An improving economy will elevate retirement as an option for many nurses — especially those who have been working in the field for 30 or more years, Beall said. And hospitals, which employ about 63 percent of the state’s nurses, are treating more acutely ill patients, requiring them not only to increase their level of nursing support, but also seek better-educated nurses, Grams said. Numerous studies over the past two decades have pointed to lower mortality rates in hospitals where the majority of the nursing staff has at least a four-year degree.

“The patients we care for now in hospitals are there with more complex, acute conditions,” Grams said. “And hospitals are rightly demanding higher level training from their nursing staffs. They’ve increased their demand for baccalaureate degrees, and they are more and more interested in nurses with advanced practice degrees.”

Northside Hospital, with campuses in Atlanta and in Forsyth and Cherokee counties, says there is greater demand for nurses with particular skill sets, depending on specialty.

Emory Healthcare says the demand for experienced hospital nurses is higher for areas such as critical care, oncology, and the operating and emergency rooms, with new nursing graduates unable to meet the needs of more complex patients.

The Institute of Medicine, the medical arm of the National Academy of Sciences, issued a report last year calling for higher levels of education for American nurses so that they will be able to perform a range of health services that once were exclusively the domain of physicians. Policy analysts and experts believe that nurses must play a crucial role in working with physicians in primary care, especially in rural and underserved areas.

But extending the role of nurses in Georgia has never been easy. Consider that it took more than a decade for Georgia nurses, even those working under supervision of a physician, to be able to write a simple prescription or order tests for patients suffering from common conditions. (Georgia was the last of the 50 states to approve these practices, in 2006.)

To ensure a higher quality of care in hospitals and clinics alike, at least 80 percent of RNs should have a four-year degree as a prerequisite for practicing, the Institute of Medicine recommended. Nationally, only about half do now.

Training for Georgia nurses

In Georgia, the best estimate is that about a third of the RNs working in the state have a baccalaureate degree or higher. About two-thirds of all Georgia nurses get two-year or associate degrees — usually at technical colleges — or a diploma issued by a hospital-based program.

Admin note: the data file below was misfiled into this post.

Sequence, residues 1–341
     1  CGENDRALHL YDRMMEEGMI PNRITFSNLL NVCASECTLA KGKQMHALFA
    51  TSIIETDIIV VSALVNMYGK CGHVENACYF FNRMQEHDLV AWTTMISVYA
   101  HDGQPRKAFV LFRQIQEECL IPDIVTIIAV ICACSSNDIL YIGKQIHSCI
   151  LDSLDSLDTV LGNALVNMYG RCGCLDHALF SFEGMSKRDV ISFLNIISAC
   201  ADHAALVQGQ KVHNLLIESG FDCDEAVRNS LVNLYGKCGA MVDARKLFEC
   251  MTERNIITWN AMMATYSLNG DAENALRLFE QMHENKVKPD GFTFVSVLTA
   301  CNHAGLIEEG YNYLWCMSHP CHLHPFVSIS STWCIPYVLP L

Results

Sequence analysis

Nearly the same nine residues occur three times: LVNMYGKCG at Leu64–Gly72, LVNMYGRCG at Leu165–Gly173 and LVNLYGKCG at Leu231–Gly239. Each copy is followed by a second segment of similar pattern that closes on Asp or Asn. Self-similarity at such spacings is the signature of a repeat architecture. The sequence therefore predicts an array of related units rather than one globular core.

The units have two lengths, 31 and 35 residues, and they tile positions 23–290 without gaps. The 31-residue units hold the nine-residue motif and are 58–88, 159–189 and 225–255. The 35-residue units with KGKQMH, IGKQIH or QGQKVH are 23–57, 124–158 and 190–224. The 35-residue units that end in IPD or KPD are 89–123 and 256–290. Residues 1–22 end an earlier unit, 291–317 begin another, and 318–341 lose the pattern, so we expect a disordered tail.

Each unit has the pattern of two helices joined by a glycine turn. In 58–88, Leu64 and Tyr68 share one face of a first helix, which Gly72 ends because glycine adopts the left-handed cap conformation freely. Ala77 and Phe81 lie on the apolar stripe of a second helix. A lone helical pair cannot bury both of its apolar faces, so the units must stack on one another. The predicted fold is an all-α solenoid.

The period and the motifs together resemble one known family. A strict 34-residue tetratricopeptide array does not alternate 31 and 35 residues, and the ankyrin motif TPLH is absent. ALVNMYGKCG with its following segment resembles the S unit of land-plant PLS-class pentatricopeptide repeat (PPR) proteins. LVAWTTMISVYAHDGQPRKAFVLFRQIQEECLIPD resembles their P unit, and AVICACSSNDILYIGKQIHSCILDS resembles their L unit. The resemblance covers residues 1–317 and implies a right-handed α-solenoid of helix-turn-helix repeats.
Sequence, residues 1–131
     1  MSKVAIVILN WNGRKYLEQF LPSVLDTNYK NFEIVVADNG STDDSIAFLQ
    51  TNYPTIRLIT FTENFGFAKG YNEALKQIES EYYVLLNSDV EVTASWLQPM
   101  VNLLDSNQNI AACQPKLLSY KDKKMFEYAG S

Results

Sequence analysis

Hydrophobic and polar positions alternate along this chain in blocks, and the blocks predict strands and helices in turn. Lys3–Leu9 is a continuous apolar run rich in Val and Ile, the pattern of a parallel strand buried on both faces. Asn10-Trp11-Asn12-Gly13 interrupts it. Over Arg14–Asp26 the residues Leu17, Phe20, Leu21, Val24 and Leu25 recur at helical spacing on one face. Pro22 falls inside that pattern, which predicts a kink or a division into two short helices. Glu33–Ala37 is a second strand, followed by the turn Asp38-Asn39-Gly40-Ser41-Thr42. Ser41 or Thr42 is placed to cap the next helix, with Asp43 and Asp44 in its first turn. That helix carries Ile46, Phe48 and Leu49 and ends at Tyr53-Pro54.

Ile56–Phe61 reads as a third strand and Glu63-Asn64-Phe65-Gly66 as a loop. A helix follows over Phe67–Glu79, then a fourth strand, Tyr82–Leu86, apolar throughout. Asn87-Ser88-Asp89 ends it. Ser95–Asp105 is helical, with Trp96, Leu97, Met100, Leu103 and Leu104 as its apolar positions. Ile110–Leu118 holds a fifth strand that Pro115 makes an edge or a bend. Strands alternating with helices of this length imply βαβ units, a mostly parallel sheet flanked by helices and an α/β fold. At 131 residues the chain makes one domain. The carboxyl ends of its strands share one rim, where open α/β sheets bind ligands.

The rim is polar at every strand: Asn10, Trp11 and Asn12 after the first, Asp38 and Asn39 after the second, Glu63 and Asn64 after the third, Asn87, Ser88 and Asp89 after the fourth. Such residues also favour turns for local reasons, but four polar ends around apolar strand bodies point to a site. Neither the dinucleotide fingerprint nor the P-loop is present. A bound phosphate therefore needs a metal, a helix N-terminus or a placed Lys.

(All candidates for a RN license, regardless of training, must pass a nationally standardized exam. A licensed practical nurse, or LPN, generally has only a year of schooling and takes a different exam.)

State nursing schools and technical colleges have been trying to streamline coursework that will make the transition easier for nurses with an associate degree to complete a bachelor’s degree. Some schools are also setting up “second degree” programs for students who graduated with a bachelor’s degree in biology, chemistry or other related field, to be able to get a nursing degree in 18 months or less.

Similarly, nursing schools are trying to make it easier for four-year students to take online courses and enroll in accelerated graduate work so that they can qualify for advanced practice licenses, Grams said. Adding more doctoral level nurses will mean more nurses available to teach others wanting to enter the field.

Still, that’s been a tough sell among nurses. Many hate to give up practicing to go back to school, and there has never been much of a financial incentive to do so. (A recent survey found about 66 percent of nurses in Georgia said they have no plans to increase their current level of education.)

“Unfortunately in our profession, you don’t get richer by getting more schooling,” Beall said. “That’s why we have to get really creative at looking how we educate our work force. We can’t do it like we did in the 1970s and ‘80s and think it will work for us today.”